9 According to the most careful estimates, the National loss in this sanguinary battle of two days duration was nearly, if not quite, 18,000 men, of whom 6,000 were made prisoners. The Confederate loss was probably about 11,000. Among the wounded of the Nationals were Generals Getty, Gregg, Owen, Bartlett, and Webb, and Colonel Carroll. The Confederates lost in killed, Generals Sam. Jones and A. G. Jenkins; and the wounded were Generals Longstreet, Stafford (mortally), Pickett, Pegram, and Hunter. Longstreet was disabled for several months.

10 See page 24.

11 this is a view of the county building of the shire of Spottsylvania, around which grew up a village that derived its name from the edifice. This county received its name from Alexander Spottswood, Governor of Virginia, who owned and worked iron mines in that region, and at what is now known as Germania Ford, he founded a town, the inhabitants of which being chiefly German miners, it was called Germania. The last syllable of Spottswood's name, wood, was Latinized, and hence the name of Spottsylvania.

12 Speaking of this event, a late writer (Professor Henry Coppee) observes: “Spies and traitors were all around our Headquarters. Our signals were discovered and. repeated; and with a rapidity which savored of magic and diabolic arts, no sooner had an order been issued by Grant than it was known at Lee's Headquarters. On the other hand, we had no such information. There were not in the rebel ranks, wicked as they were, men as vile as Northern traitors, who, while wearing the uniform of the Republic, living on its bounty, and sworn to protect its glorious banner, were in secret league with the enemy, and doing more to defeat Grant's plans than did the men who were arrayed in battle against him.” --Grant and his Campaigns, by Henry Coppee, page 302. It is well understood that emissaries of the Peace Faction, professing loyalty, were at this time in Government employment in the Department at Washington and in the armies in the field, secretly giving aid, in every possible way, to the enemies of the Republic

13 this is from a sketch made by the author in June, 1866, taken from the breastworks in front of the Union line. Toward the right is seen the logs of the battery, the construction of which Sedgwick was superintending, and near which he fell. The bullet came from the clump of trees on the knoll seen more to the right, on rising ground.

14 The dispatch was as follows, dated at eight o'clock on the morning of the 11th: “We have now ended the sixth day of very heavy fighting. The result, to this time, is much in our favor. Our losses have been heavy, as well as those of the enemy. I think the loss of the enemy must be greater. We have taken over 5,000 prisoners by battle, while he has taken from us but few, except stragglers. I propose to fight it out on this line, if it takes all summer.”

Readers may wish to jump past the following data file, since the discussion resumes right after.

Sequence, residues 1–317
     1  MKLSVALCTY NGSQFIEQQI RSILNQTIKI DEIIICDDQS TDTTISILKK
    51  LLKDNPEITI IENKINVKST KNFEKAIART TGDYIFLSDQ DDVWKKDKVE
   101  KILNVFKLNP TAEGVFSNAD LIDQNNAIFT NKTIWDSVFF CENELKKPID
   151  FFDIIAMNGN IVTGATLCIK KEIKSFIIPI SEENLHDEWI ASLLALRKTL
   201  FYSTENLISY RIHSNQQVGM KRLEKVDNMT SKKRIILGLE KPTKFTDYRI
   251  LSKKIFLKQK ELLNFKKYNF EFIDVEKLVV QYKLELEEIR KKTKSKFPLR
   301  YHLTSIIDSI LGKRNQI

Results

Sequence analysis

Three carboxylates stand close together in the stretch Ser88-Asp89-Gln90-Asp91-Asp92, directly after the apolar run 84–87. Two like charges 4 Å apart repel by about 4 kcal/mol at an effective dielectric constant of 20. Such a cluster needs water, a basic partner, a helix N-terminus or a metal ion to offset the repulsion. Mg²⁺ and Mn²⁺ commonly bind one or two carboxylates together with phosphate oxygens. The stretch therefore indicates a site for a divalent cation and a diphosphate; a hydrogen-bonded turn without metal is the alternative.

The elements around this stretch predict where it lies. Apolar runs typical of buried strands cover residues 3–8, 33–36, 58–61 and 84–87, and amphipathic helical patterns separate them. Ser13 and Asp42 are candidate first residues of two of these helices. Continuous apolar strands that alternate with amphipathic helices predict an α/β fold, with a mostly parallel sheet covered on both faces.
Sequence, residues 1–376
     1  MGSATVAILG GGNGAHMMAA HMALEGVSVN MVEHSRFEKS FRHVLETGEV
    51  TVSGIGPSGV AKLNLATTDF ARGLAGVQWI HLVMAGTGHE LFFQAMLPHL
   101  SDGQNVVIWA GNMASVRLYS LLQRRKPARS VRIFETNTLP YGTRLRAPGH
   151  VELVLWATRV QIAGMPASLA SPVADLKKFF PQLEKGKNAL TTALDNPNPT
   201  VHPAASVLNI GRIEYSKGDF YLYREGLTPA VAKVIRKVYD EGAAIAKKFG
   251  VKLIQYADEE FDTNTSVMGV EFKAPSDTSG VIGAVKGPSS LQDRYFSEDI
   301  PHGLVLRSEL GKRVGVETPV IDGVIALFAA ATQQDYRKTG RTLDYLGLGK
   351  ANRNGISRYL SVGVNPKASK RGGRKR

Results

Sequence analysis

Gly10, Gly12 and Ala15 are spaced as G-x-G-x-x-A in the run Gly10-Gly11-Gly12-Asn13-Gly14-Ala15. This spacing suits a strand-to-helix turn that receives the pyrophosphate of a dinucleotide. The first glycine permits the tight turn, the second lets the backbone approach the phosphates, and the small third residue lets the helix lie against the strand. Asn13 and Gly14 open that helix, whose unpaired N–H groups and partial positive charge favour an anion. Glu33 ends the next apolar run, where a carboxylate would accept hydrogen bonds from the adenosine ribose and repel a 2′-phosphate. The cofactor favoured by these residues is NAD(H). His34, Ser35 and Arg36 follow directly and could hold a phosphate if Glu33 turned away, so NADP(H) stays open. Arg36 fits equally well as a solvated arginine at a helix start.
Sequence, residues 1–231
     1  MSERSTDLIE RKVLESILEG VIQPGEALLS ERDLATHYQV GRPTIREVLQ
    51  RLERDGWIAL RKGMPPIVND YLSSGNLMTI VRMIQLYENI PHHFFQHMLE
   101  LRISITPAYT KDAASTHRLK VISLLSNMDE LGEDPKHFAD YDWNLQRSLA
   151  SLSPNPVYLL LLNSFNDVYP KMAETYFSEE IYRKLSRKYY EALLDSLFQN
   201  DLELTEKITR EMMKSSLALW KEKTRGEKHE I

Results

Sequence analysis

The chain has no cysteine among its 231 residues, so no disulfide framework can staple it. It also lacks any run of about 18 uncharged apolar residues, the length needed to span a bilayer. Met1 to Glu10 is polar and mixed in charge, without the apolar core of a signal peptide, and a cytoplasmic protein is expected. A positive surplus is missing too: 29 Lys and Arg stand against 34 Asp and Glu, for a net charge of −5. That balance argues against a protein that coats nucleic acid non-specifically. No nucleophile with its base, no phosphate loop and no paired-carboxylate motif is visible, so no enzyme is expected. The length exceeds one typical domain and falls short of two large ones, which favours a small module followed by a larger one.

15 Stewart was a Maryland rebel, who was conspicuous in Baltimore at the time of the massacre of Massachusetts troops there in the spring of 1861. See page 415, volume I. His fine house and grounds in Baltimore, at this time, were used as an asylum for the sick and wounded, known as the Jarvis Hospital. He was an old army friend of Hancock, and it is related that the latter, on the occasion we are considering, cordially offered his hand to the prisoner, saying: “How are you, Stewart.” The absurd rebel haughtily refused it, saying: “I am General Stewart, of the Confederate army, and under the circumstances I decline to take your hand.” Hancock instantly replied: “And under any other circumstances, General, I should not have offered it.”

16 This oak stood inside of the Confederate intrenchments, near Spottsylvania Court-House. It was presented to the Secretary of War by the gallant General N. A. Miles, who commanded a brigade of Barlow's division of the Second Corps, in the battle on the 12th of May. This section of the tree is five feet six inches in height, and twenty-one inches in diameter at the place where it was cut in two.

17 The official report of the National losses, since the passage of the Rapid Anna to the close of the battle on the 12th of May, was as follows: Killed, 269 officers and 8,019 enlisted men; wounded, 1,017 officers and 18,261 men; missing, 177 officers and 6,667 men, mostly made prisoners, making a total of 29,410 men.

18 General Meade's address to his soldiers, May 18, 1864.

19 Grant spoke of the success of Hancock and the capture of prisoners, and said: “The enemy are obstinate, and seem to have found the ‘ last ditch.’ We have lost no organization, not even a company, while we have destroyed and captured one division (Johnson's), one brigade (Dobbs's), and one regiment entire, of the enemy.”

20 The official returns show that from the 12th until the 21st of May, when the Army of the Potomac moved from Spottsylvania Court-House, its losses were 10,381, making an aggregate of loss, since it crossed the Rapid Anna, of 39,791. The Confederate losses were never reported, but careful estimates make them over 80,000.

21 See page 27.

22 See page 24.

23 The dismounted men of the divisions of these leaders, and those whose horses were jaded, were left with the army to guard the trains.

24 In this region there are four small streams, named respectively Mat, Ta, Po, and Ny. These, combined, form the volume and the name of a larger stream, one of the chief affluents of the York River, called the Mat-ta-po-ny.

25 See page 118.